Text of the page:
British explorer Cairn Energy’s arbitration against a Rs 29,047 crore retrospective tax demand has begun with the adjudicating panel fixing timelines so as to complete the arbitration in less than 12 months.
The three-member arbitration panel headed by Geneva-based arbitrator Laurent Levy held its first procedural hearing in Paris a few weeks back, sources privy to the development said.
The seat of the arbitration was agreed to be The Hague in the Netherlands, they said adding Cairn has been asked to file a ‘Statement of Claim’ detailing its position on the issue and the relief it is seeking by the end of this month.
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The Indian government will fix its ‘Statement of Defence’ by the fourth quarter of 2016 calendar year and evidential hearing is expected to commence in early 2017.
Sources said Levy intends to wind up the arbitration process possibly by May/June 2017.
Cairn had in January 2014 received a notice from the Income Tax Department citing the 2012 legislation that gave it powers to impose tax retrospectively. It made a draft assessment of Rs 10,247 crore as tax due on a group reorganisation carried out in 2006.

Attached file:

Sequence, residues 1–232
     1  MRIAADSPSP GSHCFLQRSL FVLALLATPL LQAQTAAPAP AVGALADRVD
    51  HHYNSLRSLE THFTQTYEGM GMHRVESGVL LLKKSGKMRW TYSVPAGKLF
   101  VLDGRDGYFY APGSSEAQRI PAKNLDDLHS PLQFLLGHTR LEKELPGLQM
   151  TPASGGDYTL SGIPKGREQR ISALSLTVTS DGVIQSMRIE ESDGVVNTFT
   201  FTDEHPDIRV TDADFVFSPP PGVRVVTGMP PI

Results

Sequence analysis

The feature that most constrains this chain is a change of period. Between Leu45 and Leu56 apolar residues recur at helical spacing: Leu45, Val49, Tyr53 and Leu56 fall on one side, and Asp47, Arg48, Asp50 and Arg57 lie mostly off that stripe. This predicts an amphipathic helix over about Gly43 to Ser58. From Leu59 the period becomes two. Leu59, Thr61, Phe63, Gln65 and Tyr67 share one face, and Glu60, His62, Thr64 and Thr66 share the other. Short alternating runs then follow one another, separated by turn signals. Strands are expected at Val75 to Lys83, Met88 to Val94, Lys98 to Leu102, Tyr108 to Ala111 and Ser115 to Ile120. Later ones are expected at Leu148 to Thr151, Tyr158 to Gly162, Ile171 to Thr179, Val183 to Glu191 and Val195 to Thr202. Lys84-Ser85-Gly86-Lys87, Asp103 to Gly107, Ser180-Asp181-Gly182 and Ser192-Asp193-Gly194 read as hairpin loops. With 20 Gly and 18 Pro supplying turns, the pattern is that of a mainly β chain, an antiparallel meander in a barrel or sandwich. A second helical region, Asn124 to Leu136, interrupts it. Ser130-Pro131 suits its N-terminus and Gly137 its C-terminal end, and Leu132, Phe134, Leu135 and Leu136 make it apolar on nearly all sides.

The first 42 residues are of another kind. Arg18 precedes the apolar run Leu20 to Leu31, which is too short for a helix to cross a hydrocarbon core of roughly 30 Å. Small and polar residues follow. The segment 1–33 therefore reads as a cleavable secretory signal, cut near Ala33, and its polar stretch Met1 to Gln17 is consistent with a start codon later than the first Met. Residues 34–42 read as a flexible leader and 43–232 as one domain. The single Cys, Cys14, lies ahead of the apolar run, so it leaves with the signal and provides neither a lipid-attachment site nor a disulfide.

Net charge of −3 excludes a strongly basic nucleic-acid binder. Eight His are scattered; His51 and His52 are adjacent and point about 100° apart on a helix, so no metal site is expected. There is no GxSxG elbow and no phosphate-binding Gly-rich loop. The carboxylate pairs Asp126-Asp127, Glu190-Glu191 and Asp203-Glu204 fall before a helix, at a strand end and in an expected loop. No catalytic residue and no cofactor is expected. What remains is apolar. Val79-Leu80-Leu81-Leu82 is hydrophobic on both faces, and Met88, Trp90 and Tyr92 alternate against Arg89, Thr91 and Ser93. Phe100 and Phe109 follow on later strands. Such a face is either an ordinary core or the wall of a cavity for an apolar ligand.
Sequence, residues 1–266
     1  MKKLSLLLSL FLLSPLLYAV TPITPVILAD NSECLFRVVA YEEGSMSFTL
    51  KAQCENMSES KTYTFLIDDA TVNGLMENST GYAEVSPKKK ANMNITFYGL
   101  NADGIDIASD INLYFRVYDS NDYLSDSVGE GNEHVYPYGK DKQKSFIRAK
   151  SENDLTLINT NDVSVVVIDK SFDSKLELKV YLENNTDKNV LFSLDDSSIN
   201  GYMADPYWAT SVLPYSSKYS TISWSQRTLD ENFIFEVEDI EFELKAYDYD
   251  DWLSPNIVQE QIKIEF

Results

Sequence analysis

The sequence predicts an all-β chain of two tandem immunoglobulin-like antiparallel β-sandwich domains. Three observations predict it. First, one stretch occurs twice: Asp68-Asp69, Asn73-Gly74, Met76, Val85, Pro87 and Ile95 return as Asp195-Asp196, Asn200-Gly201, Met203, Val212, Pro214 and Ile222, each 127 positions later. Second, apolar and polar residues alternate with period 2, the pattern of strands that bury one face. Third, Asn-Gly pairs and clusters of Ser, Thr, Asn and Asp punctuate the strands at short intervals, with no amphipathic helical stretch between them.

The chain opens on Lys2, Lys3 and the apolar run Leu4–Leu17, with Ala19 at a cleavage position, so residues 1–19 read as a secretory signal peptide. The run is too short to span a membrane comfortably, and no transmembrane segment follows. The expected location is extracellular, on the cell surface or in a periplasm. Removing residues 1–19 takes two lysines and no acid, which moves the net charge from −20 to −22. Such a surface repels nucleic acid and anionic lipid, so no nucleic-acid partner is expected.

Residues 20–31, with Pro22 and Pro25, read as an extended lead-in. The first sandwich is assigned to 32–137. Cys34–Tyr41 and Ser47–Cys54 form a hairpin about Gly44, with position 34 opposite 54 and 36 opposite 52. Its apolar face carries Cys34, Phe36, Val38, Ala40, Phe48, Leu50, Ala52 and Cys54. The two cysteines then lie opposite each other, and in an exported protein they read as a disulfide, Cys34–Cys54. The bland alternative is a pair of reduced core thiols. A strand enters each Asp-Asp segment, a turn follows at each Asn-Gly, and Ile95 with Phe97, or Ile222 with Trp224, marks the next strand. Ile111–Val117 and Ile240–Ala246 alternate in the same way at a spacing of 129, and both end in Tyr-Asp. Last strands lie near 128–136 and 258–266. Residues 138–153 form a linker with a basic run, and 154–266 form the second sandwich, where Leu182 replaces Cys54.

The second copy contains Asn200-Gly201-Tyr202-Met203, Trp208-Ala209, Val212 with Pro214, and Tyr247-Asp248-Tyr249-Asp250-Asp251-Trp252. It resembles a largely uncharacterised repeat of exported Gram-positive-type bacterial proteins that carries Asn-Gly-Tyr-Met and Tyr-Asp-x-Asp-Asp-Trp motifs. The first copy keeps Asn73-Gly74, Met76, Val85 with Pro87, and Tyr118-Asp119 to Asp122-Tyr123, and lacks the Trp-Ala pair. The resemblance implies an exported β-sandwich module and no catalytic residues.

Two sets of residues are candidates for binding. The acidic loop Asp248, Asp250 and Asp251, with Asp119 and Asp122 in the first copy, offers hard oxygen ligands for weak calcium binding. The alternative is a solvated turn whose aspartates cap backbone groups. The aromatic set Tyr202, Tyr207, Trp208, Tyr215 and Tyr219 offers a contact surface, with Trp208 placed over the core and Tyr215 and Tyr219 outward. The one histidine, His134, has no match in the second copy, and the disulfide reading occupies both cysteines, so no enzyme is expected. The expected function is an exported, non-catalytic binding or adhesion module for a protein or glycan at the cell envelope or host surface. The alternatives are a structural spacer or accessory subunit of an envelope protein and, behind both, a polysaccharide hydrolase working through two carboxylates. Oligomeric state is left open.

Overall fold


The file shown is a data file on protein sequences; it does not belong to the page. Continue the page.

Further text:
The Income Tax Department provisionally attached the company’s remaining 10 per cent shareholding in Cairn India, then valued at about $1 billion. The value has since reduced by 30 per cent.
This year, a final assessment order was slapped on it that included a Rs 18,800 crore of interest on top of Rs 10,247 crore principal tax amount.
The British firm challenged the assessment by seeking an international arbitration under the UK-India Investment Treaty. It named former Bulgarian minister Stanimir Alexandrov as its arbitrator in the tax dispute while India appointed Singapore-based lawyer J Christopher Thomas as its arbitrator.
Cairn Energy contends that there was no tax due on an internal reorganisation and that its international shareholders have suffered material losses from the share attachment. The attachment also severely impacted the company’s financial capacity to invest in oil and gas assets and led to cutting of workforce by 40 per cent.
Sources said the company will claim full compensation for the $1 billion value lost following the tax notice and freezing of its 9.8 per cent shares in Cairn India.
IT Department alleges that Cairn Energy made a capital gain of Rs 24,503.50 crore in 2006 when it transferred shares of Indian assets that were held in a subsidiary set up in the tax haven of Jersey, to newly incorporated Cairn India.
It listed Cairn India on the stock exchanges through an initial public offering (IPO) thereafter. Through the IPO it raised Rs 8,616 crore and then in 2011 went on to sell majority stake in Cairn India to mining giant Vedanta Group for USD 8.67 billion.
Cairn Energy still holds 9.8 per cent in Cairn India which the IT Department has barred it from selling.